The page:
Today we finish this Kazakh mini-series, with this piece by Foreign Affairs reporter Irina Alksnis. Irina’s piece is entitled “What Does the USA Want From Kazakhstan?”
We saw that Kazakh Prez Nazarbaev went to Washington DC to meet with Prez Trump; they discussed a wide range of political and economic issues, including trade and investment. The U.S. is particularly eager to get its hands on Kazakhstan’s oil and gas reserves. Plus, having a geo-political ally in that strategic location — wedged between Russia and China — would also be a keen bonus for the American Military-Industrial Complex.
Irina is a good and clear writer who needs no explication, hence with her piece I decided to resort to straight translation. Here is Irina doing the rest of the talking:
For those not in the loop, the very end of last year was marked with an Informational Bomb that went almost unnoticed in Russia, since our country was busy celebrating the onset of the New Year.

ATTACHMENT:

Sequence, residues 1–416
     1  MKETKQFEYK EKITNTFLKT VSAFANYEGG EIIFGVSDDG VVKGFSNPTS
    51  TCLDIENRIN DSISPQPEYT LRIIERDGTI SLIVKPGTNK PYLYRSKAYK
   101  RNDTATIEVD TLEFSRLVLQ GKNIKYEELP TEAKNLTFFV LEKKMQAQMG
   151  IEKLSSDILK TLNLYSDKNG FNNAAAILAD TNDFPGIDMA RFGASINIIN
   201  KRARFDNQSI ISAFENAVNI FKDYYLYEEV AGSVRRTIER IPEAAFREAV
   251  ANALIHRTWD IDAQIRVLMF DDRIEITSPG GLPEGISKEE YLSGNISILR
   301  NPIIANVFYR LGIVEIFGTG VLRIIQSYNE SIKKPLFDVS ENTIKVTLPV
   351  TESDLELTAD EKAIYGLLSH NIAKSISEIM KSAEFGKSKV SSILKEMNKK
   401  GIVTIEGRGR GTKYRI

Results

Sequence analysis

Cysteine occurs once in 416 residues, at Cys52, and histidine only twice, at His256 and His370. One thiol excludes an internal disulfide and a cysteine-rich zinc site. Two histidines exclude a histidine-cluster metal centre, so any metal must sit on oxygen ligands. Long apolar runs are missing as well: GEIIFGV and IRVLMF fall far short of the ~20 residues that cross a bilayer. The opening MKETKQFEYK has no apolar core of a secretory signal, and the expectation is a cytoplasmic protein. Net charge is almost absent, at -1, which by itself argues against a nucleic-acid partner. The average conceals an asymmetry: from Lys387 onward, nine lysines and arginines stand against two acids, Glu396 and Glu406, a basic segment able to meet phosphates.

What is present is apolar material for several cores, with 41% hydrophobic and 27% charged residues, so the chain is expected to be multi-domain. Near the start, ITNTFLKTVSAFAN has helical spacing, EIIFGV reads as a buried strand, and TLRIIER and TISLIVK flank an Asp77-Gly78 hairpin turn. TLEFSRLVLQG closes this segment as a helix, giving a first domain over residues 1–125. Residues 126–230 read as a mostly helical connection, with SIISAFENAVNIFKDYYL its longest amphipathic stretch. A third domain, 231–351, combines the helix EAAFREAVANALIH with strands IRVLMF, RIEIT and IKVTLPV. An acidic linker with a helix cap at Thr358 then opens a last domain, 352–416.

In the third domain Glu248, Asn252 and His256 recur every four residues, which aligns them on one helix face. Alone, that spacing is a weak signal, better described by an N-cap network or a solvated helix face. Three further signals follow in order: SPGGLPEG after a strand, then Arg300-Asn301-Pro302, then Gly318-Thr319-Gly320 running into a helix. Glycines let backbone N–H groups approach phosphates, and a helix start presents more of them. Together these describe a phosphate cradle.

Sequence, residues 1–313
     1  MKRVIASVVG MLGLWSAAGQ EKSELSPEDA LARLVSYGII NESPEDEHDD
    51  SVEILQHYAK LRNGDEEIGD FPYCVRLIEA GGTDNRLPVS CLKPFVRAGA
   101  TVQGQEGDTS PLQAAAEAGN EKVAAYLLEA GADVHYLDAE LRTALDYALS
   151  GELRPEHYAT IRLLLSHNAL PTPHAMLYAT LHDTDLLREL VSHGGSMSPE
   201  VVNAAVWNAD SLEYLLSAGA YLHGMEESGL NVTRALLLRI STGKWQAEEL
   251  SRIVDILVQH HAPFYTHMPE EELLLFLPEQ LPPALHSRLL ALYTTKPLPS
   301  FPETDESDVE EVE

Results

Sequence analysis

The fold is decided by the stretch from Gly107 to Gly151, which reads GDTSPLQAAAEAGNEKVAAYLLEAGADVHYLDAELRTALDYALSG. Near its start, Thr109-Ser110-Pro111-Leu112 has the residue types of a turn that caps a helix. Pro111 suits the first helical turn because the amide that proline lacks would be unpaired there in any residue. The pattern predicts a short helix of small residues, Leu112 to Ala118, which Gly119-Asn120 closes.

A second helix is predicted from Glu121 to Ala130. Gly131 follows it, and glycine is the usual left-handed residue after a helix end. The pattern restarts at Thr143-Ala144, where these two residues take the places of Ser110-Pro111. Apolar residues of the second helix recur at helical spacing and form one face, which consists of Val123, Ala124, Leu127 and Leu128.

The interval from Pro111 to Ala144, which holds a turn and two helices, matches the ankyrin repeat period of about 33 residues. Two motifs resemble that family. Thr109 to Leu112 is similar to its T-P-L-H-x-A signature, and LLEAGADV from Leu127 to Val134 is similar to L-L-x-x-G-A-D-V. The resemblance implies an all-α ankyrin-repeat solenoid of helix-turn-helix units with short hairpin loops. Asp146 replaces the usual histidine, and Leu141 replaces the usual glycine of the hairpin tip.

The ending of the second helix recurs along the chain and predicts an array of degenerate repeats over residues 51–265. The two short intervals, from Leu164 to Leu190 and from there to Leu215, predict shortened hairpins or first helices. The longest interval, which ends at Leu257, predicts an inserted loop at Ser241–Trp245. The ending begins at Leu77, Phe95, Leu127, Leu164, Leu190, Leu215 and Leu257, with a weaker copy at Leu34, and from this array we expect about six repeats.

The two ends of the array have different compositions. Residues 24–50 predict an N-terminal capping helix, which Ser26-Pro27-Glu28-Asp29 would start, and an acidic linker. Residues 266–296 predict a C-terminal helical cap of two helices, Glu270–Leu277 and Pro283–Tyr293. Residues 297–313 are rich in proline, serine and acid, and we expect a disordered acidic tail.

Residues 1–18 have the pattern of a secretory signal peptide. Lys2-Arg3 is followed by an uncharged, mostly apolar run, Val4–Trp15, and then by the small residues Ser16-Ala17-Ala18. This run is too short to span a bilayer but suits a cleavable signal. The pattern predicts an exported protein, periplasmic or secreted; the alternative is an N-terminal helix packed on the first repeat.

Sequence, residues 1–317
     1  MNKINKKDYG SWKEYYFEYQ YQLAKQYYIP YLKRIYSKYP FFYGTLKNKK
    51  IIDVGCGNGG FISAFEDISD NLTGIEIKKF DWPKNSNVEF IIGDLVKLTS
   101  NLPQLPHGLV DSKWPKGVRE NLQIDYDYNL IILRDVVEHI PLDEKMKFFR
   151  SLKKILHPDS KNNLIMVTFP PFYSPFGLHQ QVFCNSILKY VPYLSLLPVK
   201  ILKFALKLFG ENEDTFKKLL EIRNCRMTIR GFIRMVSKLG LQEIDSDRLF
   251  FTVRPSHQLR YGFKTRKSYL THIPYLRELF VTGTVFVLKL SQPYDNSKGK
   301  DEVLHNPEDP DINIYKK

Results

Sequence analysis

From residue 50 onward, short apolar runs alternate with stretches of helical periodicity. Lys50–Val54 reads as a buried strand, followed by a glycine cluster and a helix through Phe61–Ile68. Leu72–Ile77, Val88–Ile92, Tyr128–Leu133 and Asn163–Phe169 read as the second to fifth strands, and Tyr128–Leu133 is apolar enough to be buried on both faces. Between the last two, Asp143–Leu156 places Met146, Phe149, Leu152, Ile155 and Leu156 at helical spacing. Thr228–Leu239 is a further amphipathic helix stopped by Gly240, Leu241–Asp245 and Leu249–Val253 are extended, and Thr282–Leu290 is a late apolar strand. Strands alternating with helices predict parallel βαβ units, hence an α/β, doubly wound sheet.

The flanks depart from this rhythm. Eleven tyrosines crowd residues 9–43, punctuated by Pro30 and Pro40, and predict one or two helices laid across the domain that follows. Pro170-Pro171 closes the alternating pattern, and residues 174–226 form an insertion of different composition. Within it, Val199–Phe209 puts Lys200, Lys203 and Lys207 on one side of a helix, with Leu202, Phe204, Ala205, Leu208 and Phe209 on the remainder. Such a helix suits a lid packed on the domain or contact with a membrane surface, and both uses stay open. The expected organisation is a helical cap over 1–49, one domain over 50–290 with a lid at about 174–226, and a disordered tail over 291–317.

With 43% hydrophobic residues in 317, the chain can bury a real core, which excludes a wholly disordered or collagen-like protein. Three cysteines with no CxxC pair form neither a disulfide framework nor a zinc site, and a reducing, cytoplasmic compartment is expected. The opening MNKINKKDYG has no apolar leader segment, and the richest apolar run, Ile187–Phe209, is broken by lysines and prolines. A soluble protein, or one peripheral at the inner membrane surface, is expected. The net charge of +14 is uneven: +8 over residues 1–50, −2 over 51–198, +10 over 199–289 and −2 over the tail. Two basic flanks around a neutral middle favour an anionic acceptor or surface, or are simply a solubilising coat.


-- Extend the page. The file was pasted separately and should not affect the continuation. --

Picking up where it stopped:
However, it had become known at the very end of December 2017, that just a couple of months prior to this (in October), $22 billion dollars of the National Sovereign Fund of Kazakhstan were blocked in the accounts of the Belgian filial of the American Bank of New York Mellon. These 22 billion comprise around 40% of the Sovereign Fund, and around 17% of the entire Gross Domestic Product of Kazakhstan.
In this story, everything is just perfect:
- The fact that the money was confiscated in the course of a lawsuit by Moldavian businessman Anatol Stati, who was involved in investments in the Kazakh oil-gas industry (his investments comprised $150 million dollars), as a result of which he got into a quarrel with the Kazakh government.
- The fact that Stati’s lawsuit named a maximum of $4 billion dollars, and the Stockholm Arbitrage Court ruled in 2013 that Kazakhstan owed a compensation to the businessman in the amount of half a billion dollars; and yet seized $22 billion.
- The fact that this is apparently not the only — although it is the largest — case of blocking Kazakhstan’s money, on the part of the West. It is said that simultaneously there was a whole series of smaller financial arrests.
This whole history and the recent official visit of Nazarbaev to the U.S. provide so many clues for thought, analysis and speculation, that one doesn’t even know where to begin.